Every Saturday morning I take Ben to his guitar lesson at Crossways Music in Beeston (above the Christian bookshop). In the half hour the lesson lasts, I head to the Flying Goose a few doors down, and enjoy what I think is the world’s best Welsh Rabbit.
But this morning, as I gave thanks, I stopped to reflect on what I was thanking God for.
- The people in the shop who had prepared this for me—their expertise and their service.
- The products themselves—the bread, the cheese, the milk and the other ingredients—ultimately gifts from God, the giver of all.
So far, so good—but I realised that there was a lot more to it.
- The cheese that I was eating was one of 700 varieties produced in Britain alone. Behind the activity of those who made this cheese, and brought it to me, lie generations of expertise and experimentation.
- As Neil McGregor points out, both the domestication of cows, and the adaptation of humans to drinking milk, took thousands of years. So the milk the cheese is made from represents a complex process of human development.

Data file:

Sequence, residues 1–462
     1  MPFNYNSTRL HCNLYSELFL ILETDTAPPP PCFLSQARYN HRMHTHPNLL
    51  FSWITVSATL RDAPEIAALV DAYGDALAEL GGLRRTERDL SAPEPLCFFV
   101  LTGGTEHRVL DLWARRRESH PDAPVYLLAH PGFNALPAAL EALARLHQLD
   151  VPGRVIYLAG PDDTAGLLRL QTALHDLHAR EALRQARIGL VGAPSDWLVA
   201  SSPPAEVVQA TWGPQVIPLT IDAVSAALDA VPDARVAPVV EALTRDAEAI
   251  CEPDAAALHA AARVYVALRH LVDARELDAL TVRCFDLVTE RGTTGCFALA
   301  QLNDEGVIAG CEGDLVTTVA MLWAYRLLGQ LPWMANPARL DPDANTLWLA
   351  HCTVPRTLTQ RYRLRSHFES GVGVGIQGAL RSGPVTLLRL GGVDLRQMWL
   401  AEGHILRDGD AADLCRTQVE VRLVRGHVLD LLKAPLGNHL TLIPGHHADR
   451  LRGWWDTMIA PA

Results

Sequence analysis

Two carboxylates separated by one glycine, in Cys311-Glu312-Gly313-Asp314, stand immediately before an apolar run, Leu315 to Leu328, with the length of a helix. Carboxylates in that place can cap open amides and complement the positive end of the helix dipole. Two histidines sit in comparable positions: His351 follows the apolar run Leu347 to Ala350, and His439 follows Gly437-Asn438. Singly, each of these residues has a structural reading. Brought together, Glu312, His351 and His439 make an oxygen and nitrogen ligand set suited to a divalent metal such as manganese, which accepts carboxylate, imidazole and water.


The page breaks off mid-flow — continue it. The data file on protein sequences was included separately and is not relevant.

- Similarly, behind the processes of actually growing the wheat, harvesting it, grinding it to flour, making the bread and baking and transporting it, lies thousands of year of cultivation, from wild grass to the wheat varieties we have today.
- I also thought of those who had carefully planted, tended and harvested the spring onions which gave the Welsh Rabbit its ‘zing.’
- And of course behind all this is the gift of God in rain, sun and fertile earth which allows all of this to happen.
So, as I was thanking God for my Welsh Rabbit, I was in fact giving thanks for this complex, interconnected, developed web of relationships that led to its production—the whole world of human activity on a plate.
But it is a world and a web that is looking increasingly fragile; perhaps saying grace is more important than we realise.